Kubernetes is an open-source, extensible container orchestration system that can run across clusters. Now maintained by the Cloud Native Computing Foundation, it was initially developed by Google, with version 1.0 appearing in 2015. Originally, Kubernet0s depended on Docker for containerization, but it now uses a runtime-agnostic interface, CRI-O, making it compatible with commonly-used services such as AWS and Azure. Today, it is the leading container orchestration system globally, accounting for 56% of container platforms on the public cloud.
What is server virtualization?
Server virtualization is a service that presents computer operating interfaces to users regardless of the underlying hardware. It allows more secure, flexible and extensible provision of resources for applications and services. Virtualization allows users to access a virtual machine (VM) or service without concern for how it is actually hosted. For example, many virtual machines may be hosted on a single physical host. Indeed, they may span multiple hosts in order to make better use of resources.
How Server Virtualization works
Server virtualization abstracts the logical form of a computer away from a single physical host. A virtual machine presents all the aspects one would expect of a physical machine – storage, memory and CPU all serving the user through an operating system. But the user has no need to know what physical infrastructure underlies it. This allows for greater flexibility and extensibility.
From traditional to Virtual deployment
Application hosting has come a long way since the days when a server was simply a piece of hardware sitting in a rack somewhere. Virtualization dates as far back as the 60s. However, it really gained traction for web services in the early 2000s with software like VMWare allowing users to create and deploy virtual machines on different host operating systems. Virtual servers soon became an invaluable resource for businesses, allowing them to extend resources with ease and migrate services at will without the headaches of hardware management. It is on the back of virtualization that the concept of the ‘cloud’ really took hold.
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From Virtual to Container deployment
The concept of containerization builds on virtualization technologies. It represents a further refinement of the logical functions of server infrastructure provision by separating resources and services into ‘containers’. These containers act as building blocks for service provision and be swapped in and out or extended as required.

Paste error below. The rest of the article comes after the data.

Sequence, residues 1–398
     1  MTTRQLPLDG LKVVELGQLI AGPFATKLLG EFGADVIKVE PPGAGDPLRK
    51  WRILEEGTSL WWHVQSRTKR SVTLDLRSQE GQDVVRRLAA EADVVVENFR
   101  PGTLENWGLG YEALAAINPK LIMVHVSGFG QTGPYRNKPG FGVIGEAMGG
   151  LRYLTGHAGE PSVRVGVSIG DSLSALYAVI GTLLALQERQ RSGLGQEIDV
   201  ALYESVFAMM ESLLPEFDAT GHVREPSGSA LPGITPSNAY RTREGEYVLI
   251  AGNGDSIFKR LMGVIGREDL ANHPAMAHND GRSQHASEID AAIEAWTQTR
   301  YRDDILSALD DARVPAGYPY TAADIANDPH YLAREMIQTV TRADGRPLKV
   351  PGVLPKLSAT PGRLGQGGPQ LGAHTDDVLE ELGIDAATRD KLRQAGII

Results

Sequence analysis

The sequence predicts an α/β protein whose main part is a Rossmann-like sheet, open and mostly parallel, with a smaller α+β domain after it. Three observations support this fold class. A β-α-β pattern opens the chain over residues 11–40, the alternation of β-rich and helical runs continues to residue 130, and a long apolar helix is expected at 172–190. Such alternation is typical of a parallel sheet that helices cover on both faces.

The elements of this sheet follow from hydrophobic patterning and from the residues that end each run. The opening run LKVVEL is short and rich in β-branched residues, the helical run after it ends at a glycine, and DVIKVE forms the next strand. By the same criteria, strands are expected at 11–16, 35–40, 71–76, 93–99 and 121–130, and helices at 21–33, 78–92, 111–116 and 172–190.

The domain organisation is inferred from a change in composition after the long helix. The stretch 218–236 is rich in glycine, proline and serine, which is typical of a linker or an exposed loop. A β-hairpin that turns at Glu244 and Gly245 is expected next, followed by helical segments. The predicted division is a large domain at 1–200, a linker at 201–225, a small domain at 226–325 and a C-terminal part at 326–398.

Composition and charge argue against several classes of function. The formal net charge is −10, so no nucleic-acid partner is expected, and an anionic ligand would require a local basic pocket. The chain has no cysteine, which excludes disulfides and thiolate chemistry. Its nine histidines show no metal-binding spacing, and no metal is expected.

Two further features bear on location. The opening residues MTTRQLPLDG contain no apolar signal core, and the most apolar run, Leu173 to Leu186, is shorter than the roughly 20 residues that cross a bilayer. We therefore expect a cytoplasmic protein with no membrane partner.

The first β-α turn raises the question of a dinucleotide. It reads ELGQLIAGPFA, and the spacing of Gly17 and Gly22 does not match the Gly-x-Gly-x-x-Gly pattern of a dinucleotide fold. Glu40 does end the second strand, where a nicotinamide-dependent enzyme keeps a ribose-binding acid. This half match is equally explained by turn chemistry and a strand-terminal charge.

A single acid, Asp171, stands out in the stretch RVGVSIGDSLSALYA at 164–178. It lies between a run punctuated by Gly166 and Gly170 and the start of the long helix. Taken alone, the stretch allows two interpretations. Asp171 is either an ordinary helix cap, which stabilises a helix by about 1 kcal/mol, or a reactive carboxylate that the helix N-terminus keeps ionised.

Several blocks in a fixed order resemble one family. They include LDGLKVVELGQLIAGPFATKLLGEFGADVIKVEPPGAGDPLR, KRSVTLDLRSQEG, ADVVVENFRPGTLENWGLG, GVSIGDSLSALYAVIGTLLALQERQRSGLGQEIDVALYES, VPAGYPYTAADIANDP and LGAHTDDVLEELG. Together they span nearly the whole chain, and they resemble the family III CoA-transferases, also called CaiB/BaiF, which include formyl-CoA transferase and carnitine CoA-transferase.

A virtual machine may be separate from its physical infrastructure, but it retains the functionality of a full operating system and uses a corresponding bulk of resources. Containers, by contrast, represent much smaller and more streamlined units of operation. For comparison, a modern home computer can probably run three VMs concurrently, but it would happily accommodate fifty or sixty containers.
Container deployment can more accurately match the modular functionality of an app. That means that when releasing software, container deployment allows the minimum-required resources to be used. The rule of thumb with containers is to start small and build up as required. A container holds its hosted application in isolation but shares its hosts OS or system kernel with other containers on the same infrastructure.
When to use Kubernetes
Container engines like Docker and Containerd do a good job of packaging and running containers but can be difficult to manage at scale. Kubernetes is what is known as a container orchestrator. That is, it coordinates and manages defined groups of containers in what are known as Kubernetes pods. Let’s take a look at some key concepts:
- Kubernetes pods. A pod is a colocated set of containers, sharing basic features, such as IP address, namespace and storage. Containers within a pod communicate as if within a single machine.
- Replica set. This is a means of managing the lifecycle and deployment of pods. A replica set allows duplicate instances of pods to be deployed at will, providing rapid failover should one fail.
- Service. Each Kubernetes pod can be hosted platform-agnostically, identified only by its IP address. The service layer provides a consistent interface for a set of pods, with built-in load-balancing to route requests appropriately.
- Label. A service needs to know how to find its pods. Pods advertise themselves by means of a label. A label is simply the means by which the service load-balancer identifies which pods to route traffic into.
Benefits of Kubernetes